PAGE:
In the search for vulnerability
This densest part of Malmö is to be found right in the vivid centre of
the city. With 40% of the population immigrants or Swedish-born
children of immigrants, the selection of 10 000 inhabitants is a good
example of the mixture of ethnicities, cultures and nationalities of
Physically, the 53 hectares of Möllevången consist roughly of three
different types of structures: the living quarters built mainly before
1940, the superblocks from 1960-1980 occupying three whole
quarters and the “open spaces” - Folkets Park, Möllevångstorget and
other smaller openings.
The site was originally farmland. Möllevångens gård, situated by
Folkets Park, was built in 1796. The building of housing for workers
in this area began in 1870, and the garden of the farm was made the
first Folkets Park of Sweden in the 1890’s.
Today, the area is by some described as the vibrant and hip part of
Malmö, known for its sub-cultural feel and politically active
youth. Restaurants, pubs and immigrant-driven small stores are
visible in the streetscape. Others see problems in the area too -
narcotics, unlicenced business and a questionable level of safety. All
these are signs of strongly ongoing life in the area.
For some years now neglected by the investors and the city of
Malmö, Möllevången has developed by itself to being the coolest
new hot spot of the city. And all of the sudden, things take a turn
rapidly: new housing projects are already at hand, restaurants with
price level above the average have found commercial ground in the
quarters, and left-wing-intellectual-students with an expensive
wardrobe are moving in.
In the search for vulnerability, the exposure lies in the slow,
controversial transformation of the area from cheap working
class quarters to renovated, more expensive and generic cityscape.
The evaluation of this process, gentrification, is difficult - not all
development is negative.
The question at hand is: how to protect Möllevången from loosing its identity and the living ground for its current inhabitants?
Are there guidelines to be found for the development where it is inevitable?
charising the sub-cultural Möllevången,
In this project, I set out for
searching for a strategy
to strengthen and expand the qualities making it unique.
Discovering the streetscape and hidden qualities of Möllevången
The street structure inside of Möllenvången is relatively tight.
Roughly put three types of street scapes are to be found: streets along
commercial activities, streets along residential quarters with no
commercial activities but car parking in stead, streets along the parks
and openings. The buildings embracing these streets are generally
4-storey high, but variation appears. Inspite of the commercial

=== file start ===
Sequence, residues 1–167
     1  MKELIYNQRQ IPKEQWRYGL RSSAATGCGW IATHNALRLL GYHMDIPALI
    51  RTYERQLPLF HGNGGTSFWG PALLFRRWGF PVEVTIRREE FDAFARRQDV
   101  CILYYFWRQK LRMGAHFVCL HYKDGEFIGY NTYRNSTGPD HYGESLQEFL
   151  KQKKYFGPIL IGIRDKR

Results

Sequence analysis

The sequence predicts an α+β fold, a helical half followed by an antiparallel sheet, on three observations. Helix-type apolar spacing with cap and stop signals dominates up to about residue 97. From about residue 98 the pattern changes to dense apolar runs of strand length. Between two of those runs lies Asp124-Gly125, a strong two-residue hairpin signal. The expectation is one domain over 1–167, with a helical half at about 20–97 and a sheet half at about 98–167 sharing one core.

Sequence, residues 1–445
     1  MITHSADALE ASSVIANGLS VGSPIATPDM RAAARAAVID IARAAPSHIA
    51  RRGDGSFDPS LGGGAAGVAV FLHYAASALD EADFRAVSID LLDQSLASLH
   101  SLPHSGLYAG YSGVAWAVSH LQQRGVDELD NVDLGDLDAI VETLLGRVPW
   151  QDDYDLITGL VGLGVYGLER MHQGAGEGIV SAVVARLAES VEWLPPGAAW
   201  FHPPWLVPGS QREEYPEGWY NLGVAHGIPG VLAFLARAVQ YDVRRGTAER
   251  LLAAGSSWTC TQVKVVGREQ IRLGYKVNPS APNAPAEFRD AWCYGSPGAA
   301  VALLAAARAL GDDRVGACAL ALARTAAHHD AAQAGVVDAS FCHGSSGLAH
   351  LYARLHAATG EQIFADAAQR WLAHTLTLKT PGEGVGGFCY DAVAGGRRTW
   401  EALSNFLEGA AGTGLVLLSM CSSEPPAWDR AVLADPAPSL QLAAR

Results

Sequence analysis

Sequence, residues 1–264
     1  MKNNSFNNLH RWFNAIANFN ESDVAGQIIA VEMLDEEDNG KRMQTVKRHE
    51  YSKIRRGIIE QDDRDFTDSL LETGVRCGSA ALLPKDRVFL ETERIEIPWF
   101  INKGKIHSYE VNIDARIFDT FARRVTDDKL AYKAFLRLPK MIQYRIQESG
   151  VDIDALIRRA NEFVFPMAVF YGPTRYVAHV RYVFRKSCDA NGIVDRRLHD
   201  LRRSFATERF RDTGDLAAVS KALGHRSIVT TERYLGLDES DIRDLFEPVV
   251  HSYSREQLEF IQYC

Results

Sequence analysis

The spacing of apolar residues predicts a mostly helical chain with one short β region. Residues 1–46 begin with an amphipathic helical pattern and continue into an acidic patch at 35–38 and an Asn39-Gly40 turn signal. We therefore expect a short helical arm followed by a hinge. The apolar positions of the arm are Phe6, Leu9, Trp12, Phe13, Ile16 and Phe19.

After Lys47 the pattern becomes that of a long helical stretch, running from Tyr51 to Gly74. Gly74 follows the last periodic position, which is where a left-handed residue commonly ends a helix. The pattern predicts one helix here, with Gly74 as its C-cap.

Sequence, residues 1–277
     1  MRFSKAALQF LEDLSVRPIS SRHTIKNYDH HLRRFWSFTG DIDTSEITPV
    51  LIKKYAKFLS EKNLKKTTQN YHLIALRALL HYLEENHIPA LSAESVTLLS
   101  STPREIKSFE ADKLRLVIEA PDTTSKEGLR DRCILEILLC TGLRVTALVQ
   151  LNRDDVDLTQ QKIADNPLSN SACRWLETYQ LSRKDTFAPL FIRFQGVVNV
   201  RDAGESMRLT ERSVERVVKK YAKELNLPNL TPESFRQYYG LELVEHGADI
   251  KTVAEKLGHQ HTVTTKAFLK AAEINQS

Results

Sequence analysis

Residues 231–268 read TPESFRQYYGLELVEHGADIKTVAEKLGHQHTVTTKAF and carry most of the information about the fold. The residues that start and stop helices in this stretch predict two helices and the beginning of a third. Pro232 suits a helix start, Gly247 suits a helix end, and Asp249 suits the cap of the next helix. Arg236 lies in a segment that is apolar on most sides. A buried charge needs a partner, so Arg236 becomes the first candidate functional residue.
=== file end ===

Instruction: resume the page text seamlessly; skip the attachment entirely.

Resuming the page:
strokes, majority of the streets are plain and hard urban surfaces with
little friction and easy to navigate.
The hidden treasures of Möllevången lie in the dense, varied
and surprising backyards of the closed quarters. These spaces
are not visible for the random person walking by, but their
existence is well known amongst those inhabiting the area.
These spaces are heavy with possibilities for becoming the starting
point of a rich urban resistance project. Their hidden character is in essence
in line with the need for an underground activation of Möllevången.
Imagine a new structure emerging inside the city,a well kept secret of Möllevången.
Common, public, for voluntary organizations, random meetings, small businesses, collectives,
underground movements, neighbourhoods collaborations. For everyone in Möllevången.
Not that it is inaccessible, quite the contrary, but this you will not find in
the tourist map of Malmö. You might just stumble across it, out of curiosity, when peeping
in one of the backyard gateways.
A rhizome of activities, services, meetings and everyday life grows undercover
A new common realm is launched when the public sector steps in and purchases
apartments and spaces in the quarters that otherwise would go to property developers
and the free marked.
Social, small scale commercial, cultural and integrative activities by the city of Malmö, private persons and
non-profit organizations are started up inside the residential areas, and a new access is created to
these spaces from the backyards.
The backyards are opened towards the streets in subtle ways and turned mostly into public spaces.
Inside, you can come across a spice marked, children’s playground, stage for an amateur theater, allotment gardens,
a dance floor or shelters for wind. The sought-after ideal of intens medieval streetlife and mixture of programs and ownerships
is not to be found in the streets of Möllevången, but in the backyards, connecting to a whole network
of programs taking you up to the apartment floors and rooftops or down to the basements.